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  2. Beverly says:

    Rperk. Sometimes it is good to have a wallow!! Sometimes, we have to step backwards a little, in order to step forward alot. Anniversary dates are like mini signposts, but they do get thinner. I like words, they reveal who we really are. Our feelings are our language of the soul and need to be heard. Anxiety reminds us, that we are out of sorts, out of balance. Take care



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  3. OxDrover says:

    Oh,, but Beverly,

    I LOOK SO YOUNG AND LOVELY YOU’D THINK I WAS 30! (LOL RONTFLMAO) NO ONE would recognize me! ha ha Yea, right!!!

    Rperk,

    I think most if not all of us know the “I can’t talk about it to my friends” bit—they just get so tired of hearing it and I can’t say I blame them…years ago I had a friend who kept finding abusive men and when they would beat her up she would bail them out of jail–over and over and over…and I finally told her once when she had put him back in jail and was coming over for the “Umpeenth time” to moan about how bad he was to her I told her I would NOT EVER TALK ABOUT HIM AGAIN–she bailed him out the next day and I haven’t seen her since. I wish I knew then what I know now. I thought I was being “good” trying to set boundaries—and really I didn’t want to talk about how he had beaten her again when she had bailed him out–repeat and repeat and repeat.

    I think that is why a lot of people don’t understand why we “volunteer” to be victims—I never did that with a man, at least not for long and he never hit me, but I did it with my SON–so what’s the difference? I was just as much a volunteer victim as my friend was. I hope and pray she got out of the rut and got rid of that bad man and didn’t pick up another one. So many people NEVER get out of the RUT, the FOG etc. At least we have come that far, we are OUT of the relationship physically at least.



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  4. rperk6069 says:

    Thanx gals.
    Oprah says that your 50’s and 60’s are the new 40, guess that makes all of us about the same age. Older & hopefully wiser.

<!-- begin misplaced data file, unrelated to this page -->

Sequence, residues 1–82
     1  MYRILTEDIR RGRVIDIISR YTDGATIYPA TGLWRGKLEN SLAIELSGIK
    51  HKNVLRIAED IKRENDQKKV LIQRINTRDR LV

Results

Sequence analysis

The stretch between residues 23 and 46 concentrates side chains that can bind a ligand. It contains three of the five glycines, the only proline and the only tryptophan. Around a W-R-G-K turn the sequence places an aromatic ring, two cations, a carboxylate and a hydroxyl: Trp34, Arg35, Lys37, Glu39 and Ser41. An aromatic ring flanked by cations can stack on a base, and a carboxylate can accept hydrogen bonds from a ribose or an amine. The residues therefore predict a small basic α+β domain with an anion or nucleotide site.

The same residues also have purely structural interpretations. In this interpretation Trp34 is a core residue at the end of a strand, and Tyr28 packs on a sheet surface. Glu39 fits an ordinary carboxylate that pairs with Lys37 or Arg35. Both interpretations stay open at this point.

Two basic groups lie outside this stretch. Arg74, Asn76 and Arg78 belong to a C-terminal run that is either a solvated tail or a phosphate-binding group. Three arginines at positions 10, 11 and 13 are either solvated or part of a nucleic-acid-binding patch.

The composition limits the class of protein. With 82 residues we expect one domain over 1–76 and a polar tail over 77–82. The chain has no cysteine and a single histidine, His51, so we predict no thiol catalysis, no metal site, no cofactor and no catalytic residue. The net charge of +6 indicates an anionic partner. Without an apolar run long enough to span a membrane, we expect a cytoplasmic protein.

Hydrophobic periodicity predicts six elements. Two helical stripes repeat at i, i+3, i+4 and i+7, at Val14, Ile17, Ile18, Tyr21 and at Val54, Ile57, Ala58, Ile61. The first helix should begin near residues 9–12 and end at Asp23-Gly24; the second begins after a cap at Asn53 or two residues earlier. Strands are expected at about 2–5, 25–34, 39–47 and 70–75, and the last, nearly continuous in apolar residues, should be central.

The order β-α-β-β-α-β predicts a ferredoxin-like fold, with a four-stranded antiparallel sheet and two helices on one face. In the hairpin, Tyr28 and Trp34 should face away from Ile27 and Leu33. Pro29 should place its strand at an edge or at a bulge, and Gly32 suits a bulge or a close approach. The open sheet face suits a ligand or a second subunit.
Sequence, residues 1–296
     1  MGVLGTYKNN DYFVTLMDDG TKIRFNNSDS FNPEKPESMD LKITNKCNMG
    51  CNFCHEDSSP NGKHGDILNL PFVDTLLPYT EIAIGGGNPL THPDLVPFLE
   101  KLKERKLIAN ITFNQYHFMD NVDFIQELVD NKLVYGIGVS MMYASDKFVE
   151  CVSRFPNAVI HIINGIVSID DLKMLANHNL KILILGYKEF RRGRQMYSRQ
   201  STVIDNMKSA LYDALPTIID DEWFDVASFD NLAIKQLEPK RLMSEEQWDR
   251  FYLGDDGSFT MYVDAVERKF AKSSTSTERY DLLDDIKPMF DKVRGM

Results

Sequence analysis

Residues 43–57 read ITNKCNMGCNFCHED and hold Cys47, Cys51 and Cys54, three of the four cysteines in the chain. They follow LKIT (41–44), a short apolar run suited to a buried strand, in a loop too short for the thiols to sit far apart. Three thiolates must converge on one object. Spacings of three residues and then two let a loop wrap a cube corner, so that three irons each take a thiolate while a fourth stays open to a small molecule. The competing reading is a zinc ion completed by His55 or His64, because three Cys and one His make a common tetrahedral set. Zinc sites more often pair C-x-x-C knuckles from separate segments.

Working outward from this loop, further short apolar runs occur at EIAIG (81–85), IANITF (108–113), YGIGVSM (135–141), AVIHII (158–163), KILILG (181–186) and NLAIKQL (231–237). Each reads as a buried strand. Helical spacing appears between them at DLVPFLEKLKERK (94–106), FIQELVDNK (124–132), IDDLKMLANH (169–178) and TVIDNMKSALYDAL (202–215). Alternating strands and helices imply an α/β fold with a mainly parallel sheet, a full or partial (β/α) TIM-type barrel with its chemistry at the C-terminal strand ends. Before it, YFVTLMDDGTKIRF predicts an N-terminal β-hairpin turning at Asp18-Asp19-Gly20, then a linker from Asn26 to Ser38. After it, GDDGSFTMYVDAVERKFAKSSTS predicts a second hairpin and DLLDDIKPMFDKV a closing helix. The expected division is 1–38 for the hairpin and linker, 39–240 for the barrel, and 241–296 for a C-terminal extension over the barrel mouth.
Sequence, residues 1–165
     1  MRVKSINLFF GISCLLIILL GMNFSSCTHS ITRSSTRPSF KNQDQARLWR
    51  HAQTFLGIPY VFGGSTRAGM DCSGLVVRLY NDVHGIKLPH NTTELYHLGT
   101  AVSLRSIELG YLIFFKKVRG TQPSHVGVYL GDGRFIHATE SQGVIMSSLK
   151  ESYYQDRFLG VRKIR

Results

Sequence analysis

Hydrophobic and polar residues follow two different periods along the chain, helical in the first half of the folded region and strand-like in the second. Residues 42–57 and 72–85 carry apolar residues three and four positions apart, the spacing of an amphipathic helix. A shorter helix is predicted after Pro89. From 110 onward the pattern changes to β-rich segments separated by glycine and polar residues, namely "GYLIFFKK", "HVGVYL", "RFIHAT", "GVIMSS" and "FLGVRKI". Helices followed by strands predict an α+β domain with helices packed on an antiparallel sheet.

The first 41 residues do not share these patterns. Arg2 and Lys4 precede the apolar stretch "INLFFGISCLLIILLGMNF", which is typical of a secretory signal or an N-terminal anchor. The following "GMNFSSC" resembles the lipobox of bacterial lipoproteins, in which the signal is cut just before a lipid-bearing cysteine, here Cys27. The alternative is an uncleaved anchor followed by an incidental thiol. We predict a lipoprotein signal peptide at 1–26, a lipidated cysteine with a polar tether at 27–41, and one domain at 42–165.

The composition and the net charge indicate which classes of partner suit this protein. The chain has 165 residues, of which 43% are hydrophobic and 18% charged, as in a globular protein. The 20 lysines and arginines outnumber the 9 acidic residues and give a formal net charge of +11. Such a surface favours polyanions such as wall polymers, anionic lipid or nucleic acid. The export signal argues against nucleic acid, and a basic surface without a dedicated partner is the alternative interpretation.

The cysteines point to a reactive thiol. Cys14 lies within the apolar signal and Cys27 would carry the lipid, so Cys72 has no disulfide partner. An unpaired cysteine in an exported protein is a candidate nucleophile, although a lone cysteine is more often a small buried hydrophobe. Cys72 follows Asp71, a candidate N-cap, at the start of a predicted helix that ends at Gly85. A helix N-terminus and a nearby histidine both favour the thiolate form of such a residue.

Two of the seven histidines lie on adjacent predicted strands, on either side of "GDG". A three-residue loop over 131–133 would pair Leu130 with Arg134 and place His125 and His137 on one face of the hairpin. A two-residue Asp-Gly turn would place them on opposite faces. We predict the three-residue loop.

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  5. Beverly says:

    OxDrover, I had to laugh!!! I may look a tad over 30 but I’m no short arse!! Ha. Ha.



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  6. OxDrover says:

    Free, it is funny to me about “looks”—my late husband was “buff” when he was young, but NEVER GOOD LOOKING per se. (He had a huge nose) but you know, he was soooooo popular with women, from 6 to 96, every woman he met loved him, BECAUSE HE MADE THEM FEEL BEAUTIFUL. Because of that, HE SEEMED HANDSOME–if that makes any sense at all.

    His former secretary was a HOMELY woman if you saw her photo, but she, like him, was soooooooo charming that when she walked into a room, every man there thought she was the MOST BEAUTIFUL WOMAN THERE—she was AMAZING. Even I perceived her as “beautiful” and when I see a photograph of her it strikes me as “not her” because she looks so plain and unattractive—it isn’t that she just isn’t “photogenic” it is really all about her personality. Her charm overcomes ALL ELSE about her.

    When I get to looking in the mirror and seeing an “old woman” there with wrinkles, age spots, etc. I stop myself and I remind myself about how other people perceived my H’s secretary. She is BEAUTIFUL because she is LOVELY INSIDE. My husband was HANDSOME because he was handsome INSIDE. I may no longer be “drop dead gorgeous” outside, but I am MUCH MORE LOVELY INSIDE THAN I EVER WAS. What the exterior package is does not matter in the great scheme of things. All external beauty fades with time. If I base my “self-ness” on my looks attracting friends and lovers what does that say about ME?